Can Source Code be Considered Intellectual Property?
For a little over two years, Sergey Aleynikov was an employee of Goldman Sachs. While under Goldman's employ he worked, primarily, on programming their high-frequency trading (HFT) software. This software is both developed and used entirely in-house and is not sold or licensed to any other entity.
In June 2009, Aleynikov left his position with Goldman and joined a competitor. As he was preparing to leave, he uploaded a large portion of the HFT source code to a server where he could later retrieve it. Once the source code was uploaded, he was able to download the files to his own computer to take to his new company.
Aleynikov's actions did not go undetected and, after stepping off a plane in July 2009, found that FBI officers were waiting with a warrant for his arrest. He was charged with violating the National Stolen Property Act (NSPA), the Economic Espionage Act (EEA), and the Computer Fraud and Abuse Act (CFAA). Each of these would result, if convicted, in a prison sentence.
Aleynikov's attorneys argued that the CFAA did not apply because the law was enacted to prevent/punish computer crimes where the violator gained access to a system without permission. Aleynikov was authorized to access the source code as part of his job. What he did with that access was an issue between Aleynikov and his employer only and was not covered by the CFAA. As a result, this charge was (almost) immediately dropped. However Aleynikov was not as lucky with the other two charges, and he was convicted the following December. Aleynikov was sentenced to over 8 years in prison and ordered to pay a $12,500 fine.
Fourteen months later, Aleynikov walked out of an appeals court as a free man with his conviction quashed. The reason? Aleynikov's lawyers won an appeal to the second circuit court. They argued two points:
1. Source code is not a 'good' as defined under the National Stolen Property Act. In order to steal something you must deprive the victim of its use. For example, if I have a pen, and you take it from me, you have stolen it as you have deprived me the use of the pen. Items stored on a computer system (be it a computer, mobile phone, or other digital media) do not work in the same way. When Aleynikov uploaded the source code he was simply making a copy, not depriving Goldman Sachs of the use of their own work.
2. The Economic Espionage Act provides protection for companies that wish to distribute or sell their goods "in interstate of foreign commerce". Aleynikov copied source code that was only used internally at Goldman Sachs. The company had no intention of ever bringing the HFT software to market either at home or abroad. As a result, Aleynikov could not be held criminally responsible under this act.
These arguments were upheld.
Based on this successful appeal, many people were quick to jump to the conclusion that intellectual property is dead and that there are no protections for employers from rogue employees. This, simply, is not true. The Aleynikov decision came about through a very specific set of circumstances.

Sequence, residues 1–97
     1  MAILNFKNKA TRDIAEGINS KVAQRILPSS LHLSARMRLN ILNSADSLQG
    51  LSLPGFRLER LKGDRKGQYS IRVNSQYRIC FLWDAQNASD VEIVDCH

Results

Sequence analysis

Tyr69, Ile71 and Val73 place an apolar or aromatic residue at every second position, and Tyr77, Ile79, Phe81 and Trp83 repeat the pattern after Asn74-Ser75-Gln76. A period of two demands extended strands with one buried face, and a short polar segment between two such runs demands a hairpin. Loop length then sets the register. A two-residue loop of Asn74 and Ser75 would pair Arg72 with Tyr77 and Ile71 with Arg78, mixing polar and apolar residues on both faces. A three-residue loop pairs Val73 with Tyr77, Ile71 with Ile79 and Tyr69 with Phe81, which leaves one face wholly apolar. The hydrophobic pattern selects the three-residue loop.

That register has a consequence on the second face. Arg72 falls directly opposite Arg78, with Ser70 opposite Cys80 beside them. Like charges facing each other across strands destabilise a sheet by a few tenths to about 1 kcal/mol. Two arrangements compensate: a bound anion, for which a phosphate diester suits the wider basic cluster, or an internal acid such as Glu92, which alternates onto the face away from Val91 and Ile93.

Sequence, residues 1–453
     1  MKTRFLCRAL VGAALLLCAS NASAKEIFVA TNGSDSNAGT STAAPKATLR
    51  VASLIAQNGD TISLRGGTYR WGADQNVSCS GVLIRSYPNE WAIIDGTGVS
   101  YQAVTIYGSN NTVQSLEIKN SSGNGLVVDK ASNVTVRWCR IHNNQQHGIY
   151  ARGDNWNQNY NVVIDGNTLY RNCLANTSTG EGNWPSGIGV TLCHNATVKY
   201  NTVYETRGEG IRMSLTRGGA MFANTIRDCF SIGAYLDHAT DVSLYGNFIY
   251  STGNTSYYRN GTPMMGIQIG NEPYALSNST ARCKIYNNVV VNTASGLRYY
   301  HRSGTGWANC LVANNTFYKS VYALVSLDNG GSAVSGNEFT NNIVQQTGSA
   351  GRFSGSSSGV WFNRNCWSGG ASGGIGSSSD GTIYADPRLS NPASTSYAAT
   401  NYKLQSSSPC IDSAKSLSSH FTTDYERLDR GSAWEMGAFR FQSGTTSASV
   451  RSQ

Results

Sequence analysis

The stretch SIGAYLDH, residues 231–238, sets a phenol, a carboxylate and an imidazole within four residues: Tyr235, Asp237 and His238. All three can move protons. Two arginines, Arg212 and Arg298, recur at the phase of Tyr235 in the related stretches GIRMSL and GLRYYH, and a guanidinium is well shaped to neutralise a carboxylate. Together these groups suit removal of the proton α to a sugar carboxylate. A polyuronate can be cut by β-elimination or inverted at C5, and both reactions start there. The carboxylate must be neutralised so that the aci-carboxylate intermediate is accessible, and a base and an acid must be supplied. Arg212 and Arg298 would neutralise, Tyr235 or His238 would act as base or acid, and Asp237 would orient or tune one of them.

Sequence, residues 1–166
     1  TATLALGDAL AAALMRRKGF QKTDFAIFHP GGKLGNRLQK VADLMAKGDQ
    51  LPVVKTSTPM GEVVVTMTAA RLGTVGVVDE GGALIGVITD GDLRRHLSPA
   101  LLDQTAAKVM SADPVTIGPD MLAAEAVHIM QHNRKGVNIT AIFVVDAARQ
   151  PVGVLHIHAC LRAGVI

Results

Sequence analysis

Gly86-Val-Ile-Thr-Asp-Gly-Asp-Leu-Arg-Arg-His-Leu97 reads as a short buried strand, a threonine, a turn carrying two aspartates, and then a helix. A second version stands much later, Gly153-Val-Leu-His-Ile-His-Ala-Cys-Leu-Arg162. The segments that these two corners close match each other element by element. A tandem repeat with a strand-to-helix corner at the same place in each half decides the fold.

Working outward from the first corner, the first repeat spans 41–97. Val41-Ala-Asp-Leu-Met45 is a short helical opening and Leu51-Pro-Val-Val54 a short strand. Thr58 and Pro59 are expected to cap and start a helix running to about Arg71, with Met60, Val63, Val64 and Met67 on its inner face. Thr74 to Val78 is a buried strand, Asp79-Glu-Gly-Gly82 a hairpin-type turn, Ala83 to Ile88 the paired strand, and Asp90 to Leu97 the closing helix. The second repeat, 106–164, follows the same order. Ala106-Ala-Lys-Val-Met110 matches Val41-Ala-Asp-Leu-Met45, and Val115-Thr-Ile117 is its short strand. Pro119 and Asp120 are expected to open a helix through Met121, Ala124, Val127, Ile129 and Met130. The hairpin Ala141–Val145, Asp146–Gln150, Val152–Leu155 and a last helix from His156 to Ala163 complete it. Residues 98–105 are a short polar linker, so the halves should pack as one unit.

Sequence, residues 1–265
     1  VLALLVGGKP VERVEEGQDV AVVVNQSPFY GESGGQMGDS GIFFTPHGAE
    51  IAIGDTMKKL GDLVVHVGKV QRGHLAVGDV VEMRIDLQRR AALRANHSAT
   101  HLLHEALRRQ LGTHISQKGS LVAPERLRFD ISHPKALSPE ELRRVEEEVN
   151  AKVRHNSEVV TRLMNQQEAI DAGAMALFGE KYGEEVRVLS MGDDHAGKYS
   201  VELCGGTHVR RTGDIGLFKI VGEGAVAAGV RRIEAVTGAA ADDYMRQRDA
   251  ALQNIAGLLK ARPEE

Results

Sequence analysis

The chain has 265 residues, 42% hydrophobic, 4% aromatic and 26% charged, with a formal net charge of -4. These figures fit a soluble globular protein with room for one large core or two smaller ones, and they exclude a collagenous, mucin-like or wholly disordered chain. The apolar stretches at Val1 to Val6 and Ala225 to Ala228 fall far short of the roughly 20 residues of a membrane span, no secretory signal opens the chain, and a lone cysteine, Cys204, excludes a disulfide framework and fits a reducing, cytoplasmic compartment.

The case against Aleynikov failed because Goldman Sachs brought a flawed criminal case against him. As can be seen from the wording in the statutes, these laws were never meant to be bent and twisted to fit into the arena of intellectual property or digital 'goods'. Should such cases even be heard in a criminal court? With most entities now pursuing intellectual property cases in civil courts, does it make more sense to go with a civil case more than a criminal case?
It can be tempting to let emotion obscure our judgment. If someone has hurt us, we feel the need to hurt them back. This is human nature. I am, by no means, suggesting that this is what was said at Goldman Sachs, but it is easy to see how someone might fall into the trap of seeking revenge rather than seeking restitution, justice, and closure. Each of these can be found within the civil courts.
The key to possession of intellectual property is in the name - intellectual property. One or more articles that belong to you or your organization. You have all control and rights to that property whether tangible or otherwise. If someone copies, mimics, or displays your property without your consent, they are in the wrong and should be held accountable under civil law. The word copyright means exactly that, the right to copy. If an employee copies data without permission, there are several ways to prevent damage to your organization. Such an incident does not need to end up in court, but legal counsel should be sought as soon as possible.
If you create something, whether tangible or otherwise, you should be taking the necessary steps to ensure its safety. Employees should be trained, warned, and regularly reminded that company data does not belong to them, even if they were responsible for its creation. Many employees may not even realize that this is the case or be under the mistaken impression that "I created this, therefore it must be mine."
Consider a study from 2009. The Ponemon Institute and Symantec released a report stating that 59% of departing employees have admitted to taking confidential data when leaving the company. Are you one of the affected companies? How would you even know? This study also details the most common methods used to copy the data. The most common were copying the data to CD/DVD and USB drives, or emailing the data to a personal email account. Thankfully modern digital forensic techniques can usually find evidence of each of these scenarios and Digital Discovery is on hand to assist when required.
Lee Whitfield is the Director of Forensics for Digital Discovery www.digitaldiscoveryesi.com and serves as a computer forensics expert to corporate and law firm clients. He can be reached at firstname.lastname@example.org.